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Title: Natural enemies and their impacts on emerald ash borer populations in its native range, with new records of parasitism by two species of beetles

item WANG, XIAOYI - Chinese Academy Of Forestry
item LIANG-MING, CAO - Chinese Academy Of Forestry
item YANG, ZHONG-QI - Chinese Academy Of Forestry
item Duan, Jian
item GOULD, JULI - Animal And Plant Health Inspection Service (APHIS)
item BAUER, LEAH - Us Forest Service (FS)

Submitted to: The Canadian Entomologist
Publication Type: Peer Reviewed Journal
Publication Acceptance Date: 4/5/2015
Publication Date: 7/12/2015
Citation: Wang, X., Liang-Ming, C., Yang, Z., Duan, J.J., Gould, J.R., Bauer, L.S. 2015. Natural enemies and their impacts on emerald ash borer populations in its native range, with new records of parasitism by two species of beetles. The Canadian Entomologist. 148(3):329–342.

Interpretive Summary: The emerald ash borer (EAB) has become a devastating forest pest in North America, killing hundreds of millions of native North American ash (Fraxinus spp.) trees since its discovery in Michigan, USA in 2002. The native range of EAB includes large areas of northeast Asia spanning China, the Korean peninsula and the Russian Far East. In order to further explore for potential natural enemies of EAB, we conducted field surveys at several forests within the pest’s native range (north and northeast China) during 2007-2013. Our surveys discovered a complex of natural enemies (eight species of parasitic wasps and two species of parasitic beetles) attacking immature EAB stages (eggs, larvae and/or pupae). However, the relative importance of different natural enemies varied considerably by sampling time and area. The two parasitic beetles were discovered attacking EAB in one of the northeast study sites (Liaoning province); one of them was the dominant species of EAB natural enemies there. The dominant parasitic beetle may be potentially introduced to North America to enhance the efficacy of the current biological control programs against EAB.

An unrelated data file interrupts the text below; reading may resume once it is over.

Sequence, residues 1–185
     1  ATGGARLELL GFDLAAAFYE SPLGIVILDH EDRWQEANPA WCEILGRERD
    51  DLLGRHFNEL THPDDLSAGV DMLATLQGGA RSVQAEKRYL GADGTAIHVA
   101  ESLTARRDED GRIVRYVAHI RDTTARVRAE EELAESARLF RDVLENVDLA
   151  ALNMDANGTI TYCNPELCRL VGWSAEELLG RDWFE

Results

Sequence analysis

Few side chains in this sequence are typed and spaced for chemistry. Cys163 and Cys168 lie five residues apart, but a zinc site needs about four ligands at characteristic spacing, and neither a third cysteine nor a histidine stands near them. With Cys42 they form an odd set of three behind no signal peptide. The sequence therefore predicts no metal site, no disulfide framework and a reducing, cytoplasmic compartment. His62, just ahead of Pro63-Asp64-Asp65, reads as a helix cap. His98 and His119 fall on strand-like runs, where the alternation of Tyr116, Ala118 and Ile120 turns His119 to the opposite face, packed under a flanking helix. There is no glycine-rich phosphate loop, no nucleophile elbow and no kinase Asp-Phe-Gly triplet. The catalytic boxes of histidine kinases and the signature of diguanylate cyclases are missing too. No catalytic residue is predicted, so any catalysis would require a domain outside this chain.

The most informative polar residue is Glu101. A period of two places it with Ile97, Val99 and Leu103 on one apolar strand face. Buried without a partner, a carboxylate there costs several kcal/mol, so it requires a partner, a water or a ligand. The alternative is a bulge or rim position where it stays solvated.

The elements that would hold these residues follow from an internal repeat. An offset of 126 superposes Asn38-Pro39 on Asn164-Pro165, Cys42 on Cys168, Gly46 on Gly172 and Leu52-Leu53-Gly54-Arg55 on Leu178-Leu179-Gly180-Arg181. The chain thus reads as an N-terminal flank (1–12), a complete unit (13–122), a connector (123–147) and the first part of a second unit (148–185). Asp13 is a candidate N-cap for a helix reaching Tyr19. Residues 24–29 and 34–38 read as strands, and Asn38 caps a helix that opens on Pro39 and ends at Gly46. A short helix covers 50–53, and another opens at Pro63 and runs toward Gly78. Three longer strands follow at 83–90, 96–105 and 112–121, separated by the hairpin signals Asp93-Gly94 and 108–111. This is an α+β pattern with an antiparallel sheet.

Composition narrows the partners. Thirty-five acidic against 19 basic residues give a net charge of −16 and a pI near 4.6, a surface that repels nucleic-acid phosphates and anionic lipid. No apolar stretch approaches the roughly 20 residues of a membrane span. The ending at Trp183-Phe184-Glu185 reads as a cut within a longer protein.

Technical Abstract: To investigate the natural enemies of the emerald ash borer (EAB), Agrilus planipennis Fairmaire (Coleoptera: Buprestidae), and their role in regulating the pest population dynamics, we conducted field surveys at multiple forest sites with variable host densities in the pest’s native range (north and northeast China) from 2007 to 2013. Field surveys revealed a complex of natural enemies (eight hymenopteran parasitoids and two parasitic coleopterans) attacking immature EAB. EAB eggs and larvae were also attacked by predators (e.g., woodpeckers preyed only on larvae and pupae) and several undetermined mortality factors such as diseases, competition and/or putative plant resistance. Findings from our surveys also indicated that parasitoid complex abundance, as well as its impact on EAB mortality varied with different sampling times and geographic areas in north and northeast China range. For example, the egg parasitoid Oobius agrili Zhang and Huang (Hymenoptera: Encyrtidae) and the larval parasitoid Tetrastichus planipennisi Yang (Hymenoptera: Eulophidae) were not observed in Tianjin, but these two species were frequently observed attacking EAB eggs or larvae in Beijing, Jilin, Liaoning and Heilongjiang whereas Spathius agrili Yang (Hymenoptera: Braconidae) is more prevalent near Beijing and further south in Tianjin). In addition, rates of parasitism are higher later in the season as several of the EAB parasitoids have more than one generation per year. We also discovered two parasitic beetles Tenerus lewisi Lohde (Coleoptera: Cleridae) and Xenoglena quadrisignata Mannerheim (Coleoptera: Trogossitidae) attacking EAB larvae or pupae in one of the northeast provinces (Liaoning), with T. lewisi being a dominant parasitoid of overwintering EAB larvae or pupae there. Together, our findings suggest that classical biocontrol of EAB involving introductions of parasitoids from its native range in China to North America, supports the need to consider the spatial and temporal variations of the natural enemy complex in the EAB’s native range. Further studies are needed to determine whether the two species of parasitic beetles can be potentially used for classical biocontrol introduction against EAB in North America.